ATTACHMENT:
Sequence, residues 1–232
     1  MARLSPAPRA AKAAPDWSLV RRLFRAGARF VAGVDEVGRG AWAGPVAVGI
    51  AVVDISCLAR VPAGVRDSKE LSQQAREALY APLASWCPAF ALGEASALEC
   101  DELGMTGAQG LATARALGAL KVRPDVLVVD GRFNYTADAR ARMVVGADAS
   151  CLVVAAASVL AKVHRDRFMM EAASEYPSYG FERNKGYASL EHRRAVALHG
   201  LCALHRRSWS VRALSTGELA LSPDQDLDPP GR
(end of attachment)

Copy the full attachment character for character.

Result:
Sequence, residues 1–232
     1  MARLSPAPRA AKAAPDWSLV RRLFRAGARF VAGVDEVGRG AWAGPVAVGI
    51  AVVDISCLAR VPAGVRDSKE LSQQAREALY APLASWCPAF ALGEASALEC
   101  DELGMTGAQG LATARALGAL KVRPDVLVVD GRFNYTADAR ARMVVGADAS
   151  CLVVAAASVL AKVHRDRFMM EAASEYPSYG FERNKGYASL EHRRAVALHG
   201  LCALHRRSWS VRALSTGELA LSPDQDLDPP GR